Robert Frost

(March 26, 1874 – January 29, 1963 / San Francisco)

Robert Frost Poems

If you see a poem only with title, it is listed that way because of copyright reasons.
1. The Investment 3/11/2016
2. The Housekeeper 3/11/2016
3. The Last Mowing 3/11/2016
4. The Pauper Witch of Grafton 3/1/2016
5. The Generations of Men 5/16/2015
6. The Witch of Coos 11/24/2015
7. Pea Brush 3/11/2016
8. A Passing Glimpse 3/10/2016
9. I Will Sing You One-O 3/10/2016
10. Directive 6/26/2015
11. Wild Grapes 3/11/2016
12. New Hampshire 3/11/2016
13. On a Tree Fallen Across the Road 3/10/2016
14. Looking for a Sunset Bird in Winter 5/6/2015
15. The Times Table 3/11/2016
16. Brown's Descent 1/14/2016
17. The Last Word of a Blue Bird 3/10/2016
18. An Empty Threat 3/11/2016
19. The Flood 12/10/2015
20. The Birthplace 5/14/2015
21. Immigrants 6/8/2015
22. Good Hours 3/10/2016
23. A Hillside Thaw 3/11/2016
24. The Egg and the Machine 3/11/2016
25. Sitting by a Bush in Broad Sunlight 3/10/2016
26. A Winter Eden 3/11/2016
27. The Kitchen Chimney 1/27/2016
28. Acceptance 3/10/2016
29. Locked Out 3/11/2016
30. The Runaway 3/10/2016
31. Sand Dunes 3/10/2016
32. Snow 2/23/2016
33. A Fountain, a Bottle, a Donkey's Ears, and Some Books 3/5/2016
34. Riders 3/10/2016
35. Atmosphere 3/11/2016
36. Dust in the Eyes 3/11/2016
37. Maple 6/24/2015
38. Misgiving 7/11/2015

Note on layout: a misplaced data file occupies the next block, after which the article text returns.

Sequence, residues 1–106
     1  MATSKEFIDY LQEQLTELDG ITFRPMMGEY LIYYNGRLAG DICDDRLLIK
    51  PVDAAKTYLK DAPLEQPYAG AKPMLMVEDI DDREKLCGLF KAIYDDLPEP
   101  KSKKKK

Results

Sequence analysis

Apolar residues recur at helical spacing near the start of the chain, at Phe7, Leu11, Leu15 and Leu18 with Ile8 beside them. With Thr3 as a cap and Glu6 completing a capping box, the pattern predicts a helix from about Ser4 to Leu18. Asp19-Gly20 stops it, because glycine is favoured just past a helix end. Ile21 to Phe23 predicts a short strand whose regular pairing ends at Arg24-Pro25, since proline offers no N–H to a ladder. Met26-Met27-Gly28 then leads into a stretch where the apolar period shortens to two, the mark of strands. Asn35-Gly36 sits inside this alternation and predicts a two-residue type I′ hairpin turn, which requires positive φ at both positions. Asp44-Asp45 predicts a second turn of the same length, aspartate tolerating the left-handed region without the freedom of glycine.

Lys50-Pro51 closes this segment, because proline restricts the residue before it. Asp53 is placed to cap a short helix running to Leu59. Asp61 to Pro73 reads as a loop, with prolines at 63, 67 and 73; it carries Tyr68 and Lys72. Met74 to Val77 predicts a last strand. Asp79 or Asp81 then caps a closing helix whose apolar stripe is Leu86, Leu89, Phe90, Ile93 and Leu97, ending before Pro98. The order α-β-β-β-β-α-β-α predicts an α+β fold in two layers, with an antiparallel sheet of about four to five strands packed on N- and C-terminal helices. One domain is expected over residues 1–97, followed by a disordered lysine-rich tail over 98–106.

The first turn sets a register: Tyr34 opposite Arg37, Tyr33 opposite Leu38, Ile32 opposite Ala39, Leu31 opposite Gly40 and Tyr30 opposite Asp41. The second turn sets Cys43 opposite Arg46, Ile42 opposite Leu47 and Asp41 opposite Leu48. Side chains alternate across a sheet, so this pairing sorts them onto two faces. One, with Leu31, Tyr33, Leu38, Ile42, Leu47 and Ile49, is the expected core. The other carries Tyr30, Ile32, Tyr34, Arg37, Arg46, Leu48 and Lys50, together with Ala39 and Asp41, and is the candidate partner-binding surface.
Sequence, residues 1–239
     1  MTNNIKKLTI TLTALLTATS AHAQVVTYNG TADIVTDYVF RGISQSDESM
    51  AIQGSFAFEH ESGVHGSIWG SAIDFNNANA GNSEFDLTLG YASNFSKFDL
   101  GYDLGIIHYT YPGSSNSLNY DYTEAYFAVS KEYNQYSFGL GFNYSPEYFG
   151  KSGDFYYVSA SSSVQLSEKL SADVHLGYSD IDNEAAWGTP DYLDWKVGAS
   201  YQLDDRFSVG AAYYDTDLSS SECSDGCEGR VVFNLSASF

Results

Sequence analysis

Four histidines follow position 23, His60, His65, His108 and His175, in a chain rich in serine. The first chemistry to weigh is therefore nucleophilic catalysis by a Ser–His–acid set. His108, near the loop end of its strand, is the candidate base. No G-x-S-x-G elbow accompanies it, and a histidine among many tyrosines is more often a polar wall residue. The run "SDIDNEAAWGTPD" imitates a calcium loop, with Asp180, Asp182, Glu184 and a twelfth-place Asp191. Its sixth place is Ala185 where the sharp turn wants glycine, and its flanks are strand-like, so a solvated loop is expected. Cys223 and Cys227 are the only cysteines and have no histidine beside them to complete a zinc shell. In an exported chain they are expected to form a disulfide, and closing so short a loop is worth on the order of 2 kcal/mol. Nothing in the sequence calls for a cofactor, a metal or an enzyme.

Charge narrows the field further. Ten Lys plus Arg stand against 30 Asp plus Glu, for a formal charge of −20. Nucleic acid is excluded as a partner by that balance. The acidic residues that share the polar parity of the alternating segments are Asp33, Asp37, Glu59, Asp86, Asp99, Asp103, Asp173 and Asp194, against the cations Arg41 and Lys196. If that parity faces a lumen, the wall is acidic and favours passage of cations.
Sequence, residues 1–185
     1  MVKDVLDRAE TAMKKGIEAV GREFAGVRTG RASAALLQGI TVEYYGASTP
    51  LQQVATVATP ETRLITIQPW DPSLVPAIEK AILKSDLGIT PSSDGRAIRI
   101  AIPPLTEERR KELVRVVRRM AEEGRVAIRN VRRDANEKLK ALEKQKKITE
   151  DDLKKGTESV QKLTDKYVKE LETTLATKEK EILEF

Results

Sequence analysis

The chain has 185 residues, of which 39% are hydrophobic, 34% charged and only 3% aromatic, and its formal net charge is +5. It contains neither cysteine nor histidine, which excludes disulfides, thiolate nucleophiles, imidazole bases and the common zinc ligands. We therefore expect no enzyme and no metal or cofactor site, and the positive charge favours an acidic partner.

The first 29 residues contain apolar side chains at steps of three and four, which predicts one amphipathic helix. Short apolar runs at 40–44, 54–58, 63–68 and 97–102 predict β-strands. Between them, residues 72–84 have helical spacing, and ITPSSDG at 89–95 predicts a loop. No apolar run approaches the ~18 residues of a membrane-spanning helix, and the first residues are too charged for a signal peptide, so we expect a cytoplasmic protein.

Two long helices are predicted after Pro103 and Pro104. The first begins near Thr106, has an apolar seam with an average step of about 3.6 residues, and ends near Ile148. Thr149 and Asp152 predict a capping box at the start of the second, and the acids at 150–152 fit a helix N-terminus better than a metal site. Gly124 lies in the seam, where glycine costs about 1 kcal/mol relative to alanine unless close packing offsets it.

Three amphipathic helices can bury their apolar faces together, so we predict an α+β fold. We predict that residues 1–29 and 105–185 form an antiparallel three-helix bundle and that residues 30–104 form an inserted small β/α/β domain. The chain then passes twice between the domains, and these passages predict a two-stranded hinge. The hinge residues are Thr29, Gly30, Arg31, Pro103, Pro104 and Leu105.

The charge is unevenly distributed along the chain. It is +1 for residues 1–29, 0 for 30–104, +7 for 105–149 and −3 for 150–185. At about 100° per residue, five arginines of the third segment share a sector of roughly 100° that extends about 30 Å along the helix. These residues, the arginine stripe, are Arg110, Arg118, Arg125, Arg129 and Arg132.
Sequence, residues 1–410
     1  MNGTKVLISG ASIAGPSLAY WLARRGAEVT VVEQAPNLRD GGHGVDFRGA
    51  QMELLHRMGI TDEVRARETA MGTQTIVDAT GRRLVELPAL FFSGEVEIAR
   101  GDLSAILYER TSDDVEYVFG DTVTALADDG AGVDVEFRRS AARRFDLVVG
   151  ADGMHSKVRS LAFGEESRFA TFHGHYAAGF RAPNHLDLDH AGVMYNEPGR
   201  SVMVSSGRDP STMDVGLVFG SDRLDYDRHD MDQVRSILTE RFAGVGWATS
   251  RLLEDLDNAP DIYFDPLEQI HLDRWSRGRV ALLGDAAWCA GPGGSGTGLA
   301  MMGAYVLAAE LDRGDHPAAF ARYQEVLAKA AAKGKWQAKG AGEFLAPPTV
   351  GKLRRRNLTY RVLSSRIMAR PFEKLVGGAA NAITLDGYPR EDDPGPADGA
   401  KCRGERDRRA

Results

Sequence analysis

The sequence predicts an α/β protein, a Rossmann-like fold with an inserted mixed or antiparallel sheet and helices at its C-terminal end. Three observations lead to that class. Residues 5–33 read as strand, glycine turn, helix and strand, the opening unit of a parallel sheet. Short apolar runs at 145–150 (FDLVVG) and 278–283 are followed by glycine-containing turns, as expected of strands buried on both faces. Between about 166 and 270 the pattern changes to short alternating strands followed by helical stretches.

39. In The Home Stretch 1/9/2015
40. Place For A Third 2/2/2015
Best Poem of Robert Frost

The Road Not Taken

Two roads diverged in a yellow wood,
And sorry I could not travel both
And be one traveler, long I stood
And looked down one as far as I could
To where it bent in the undergrowth;

Then took the other, as just as fair,
And having perhaps the better claim
Because it was grassy and wanted wear,
Though as for that the passing there
Had worn them really about the same,

And both that morning equally lay
In leaves no step had trodden black.
Oh, I kept the first for another day!
Yet knowing how way leads on to way
I doubted if I should ever come ...

Read the full of The Road Not Taken

Out, Out

The buzz-saw snarled and rattled in the yard
And made dust and dropped stove-length sticks of wood,
Sweet-scented stuff when the breeze drew across it.
And from there those that lifted eyes could count
Five mountain ranges one behind the other
Under the sunset far into Vermont.
And the saw snarled and rattled, snarled and rattled,
As it ran light, or had to bear a load.
And nothing happened: day was all but done.

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